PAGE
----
MANCHESTER — Robin Comstock, the long-serving president and chief-executive of the Greater Manchester Chamber of Commerce, on Tuesday announced her resignation and said Feb. 6, the date of the annual membership meeting, could be her last day on the job.
Comstock, who has led the 960-member organization since 2001, resigned without another job and said in a statement she was not sure what the next chapter in her life will bring.
"You can bet I will still be involved in some way with the community, I want to make a difference and I feel now is my time to step into that chapter," Comstock said in prepared remarks.
A chamber spokesman echoed her remarks.
"The short answer, as far as I've been told, is after 13 years, she's at a place where she's anxious to explore new chapters," said Gemma Waite French, vice president of market and public relations for the Chamber.
She said membership has grown at the chamber in the last five years from 725 to 960. And she listed a host of accomplishments under Comstock, from a downtown visitor and information center, to biennial mayoral debates, to advocacy for a downtown convention bureau and passenger rail to Manchester.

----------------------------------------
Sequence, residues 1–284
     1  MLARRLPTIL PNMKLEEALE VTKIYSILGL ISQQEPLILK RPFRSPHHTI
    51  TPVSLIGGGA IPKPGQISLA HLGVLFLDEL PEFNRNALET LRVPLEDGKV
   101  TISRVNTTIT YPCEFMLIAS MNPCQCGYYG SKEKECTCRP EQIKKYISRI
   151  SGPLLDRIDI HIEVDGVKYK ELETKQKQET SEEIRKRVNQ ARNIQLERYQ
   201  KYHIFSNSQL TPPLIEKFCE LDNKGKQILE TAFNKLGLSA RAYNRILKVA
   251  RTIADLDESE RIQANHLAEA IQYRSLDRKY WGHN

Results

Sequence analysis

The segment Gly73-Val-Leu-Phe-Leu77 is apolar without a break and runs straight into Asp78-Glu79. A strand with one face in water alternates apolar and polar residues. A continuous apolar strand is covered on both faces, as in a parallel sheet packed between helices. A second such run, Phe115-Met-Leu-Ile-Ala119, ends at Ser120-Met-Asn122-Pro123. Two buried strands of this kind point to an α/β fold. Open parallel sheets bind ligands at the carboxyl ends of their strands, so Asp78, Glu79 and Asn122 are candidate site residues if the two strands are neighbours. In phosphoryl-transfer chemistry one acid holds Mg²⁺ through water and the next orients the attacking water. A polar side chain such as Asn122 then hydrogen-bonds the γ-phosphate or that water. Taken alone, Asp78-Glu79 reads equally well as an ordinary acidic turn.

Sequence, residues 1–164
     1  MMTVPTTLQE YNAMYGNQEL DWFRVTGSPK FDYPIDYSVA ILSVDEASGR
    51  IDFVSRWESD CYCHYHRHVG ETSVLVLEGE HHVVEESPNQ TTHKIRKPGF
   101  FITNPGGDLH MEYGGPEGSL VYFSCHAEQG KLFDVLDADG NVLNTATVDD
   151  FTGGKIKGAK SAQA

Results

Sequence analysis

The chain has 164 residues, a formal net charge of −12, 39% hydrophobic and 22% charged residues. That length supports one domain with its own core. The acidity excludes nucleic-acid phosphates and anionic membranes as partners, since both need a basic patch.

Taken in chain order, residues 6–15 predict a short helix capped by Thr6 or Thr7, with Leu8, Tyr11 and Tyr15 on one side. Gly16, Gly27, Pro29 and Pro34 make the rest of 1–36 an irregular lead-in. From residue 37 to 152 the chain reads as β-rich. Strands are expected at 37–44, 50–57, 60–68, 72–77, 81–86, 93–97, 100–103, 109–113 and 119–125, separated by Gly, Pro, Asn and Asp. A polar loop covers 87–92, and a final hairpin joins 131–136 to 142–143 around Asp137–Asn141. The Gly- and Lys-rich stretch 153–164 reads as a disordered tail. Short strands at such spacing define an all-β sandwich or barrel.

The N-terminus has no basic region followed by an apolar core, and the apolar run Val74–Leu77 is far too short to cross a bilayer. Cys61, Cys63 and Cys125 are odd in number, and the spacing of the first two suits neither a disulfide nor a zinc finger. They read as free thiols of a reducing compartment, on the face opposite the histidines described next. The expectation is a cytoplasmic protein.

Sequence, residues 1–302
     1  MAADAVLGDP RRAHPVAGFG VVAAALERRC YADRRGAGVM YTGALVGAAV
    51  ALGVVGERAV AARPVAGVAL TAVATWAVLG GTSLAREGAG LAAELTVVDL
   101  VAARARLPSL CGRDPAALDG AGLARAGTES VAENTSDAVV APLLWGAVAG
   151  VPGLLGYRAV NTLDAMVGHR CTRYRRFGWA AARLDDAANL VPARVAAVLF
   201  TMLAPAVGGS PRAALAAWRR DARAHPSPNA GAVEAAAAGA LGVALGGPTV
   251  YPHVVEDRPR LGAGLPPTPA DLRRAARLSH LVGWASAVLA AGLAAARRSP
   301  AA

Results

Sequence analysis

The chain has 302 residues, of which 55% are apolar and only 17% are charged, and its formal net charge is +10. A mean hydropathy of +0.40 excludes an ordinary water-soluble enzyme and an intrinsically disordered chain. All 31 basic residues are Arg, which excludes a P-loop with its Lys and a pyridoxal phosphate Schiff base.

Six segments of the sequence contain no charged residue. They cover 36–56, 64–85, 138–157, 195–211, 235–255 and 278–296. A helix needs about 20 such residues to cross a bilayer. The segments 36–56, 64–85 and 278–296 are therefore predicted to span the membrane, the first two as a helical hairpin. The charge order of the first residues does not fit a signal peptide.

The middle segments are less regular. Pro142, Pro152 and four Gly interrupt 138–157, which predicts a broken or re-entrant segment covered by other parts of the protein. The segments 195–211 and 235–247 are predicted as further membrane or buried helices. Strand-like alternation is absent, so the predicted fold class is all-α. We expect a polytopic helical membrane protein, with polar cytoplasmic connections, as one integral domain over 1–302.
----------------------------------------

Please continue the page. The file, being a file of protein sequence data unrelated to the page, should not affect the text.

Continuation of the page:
Last year, Comstock earned $94,780 a year in taxable compensation and another $11,000 in miscellaneous compensation, according to Chamber IRS filings available through Guidestar.org. The filing also showed the chamber operating in the red in each of the last two years — $42,000 in 2012 and nearly $83,000 the prior year.
Comstock tendered her resignation to Dianne Mercier, the chairman of the chamber's Board of Directors. In a statement, Mercier said she was thankful for Comstock's leadership, enthusiasm and commitment over the last 13 years. She noted the chamber achieved tremendous growth in membership and programs under Comstock.
Mercier, who is president of People's United Bank, said in an interview that she's grateful Comstock has agreed to stay on for the next 2 1/2 months. Mercier said she will discuss a process for selecting her replacement with directors when they meet next.
Mercier said she wasn't surprised at Comstock's decision, given her time on the job. She said Comstock has been good for the Chamber and had a great relationship with the community.
"There's nothing here that really isn't. It's just face value," Mercier said.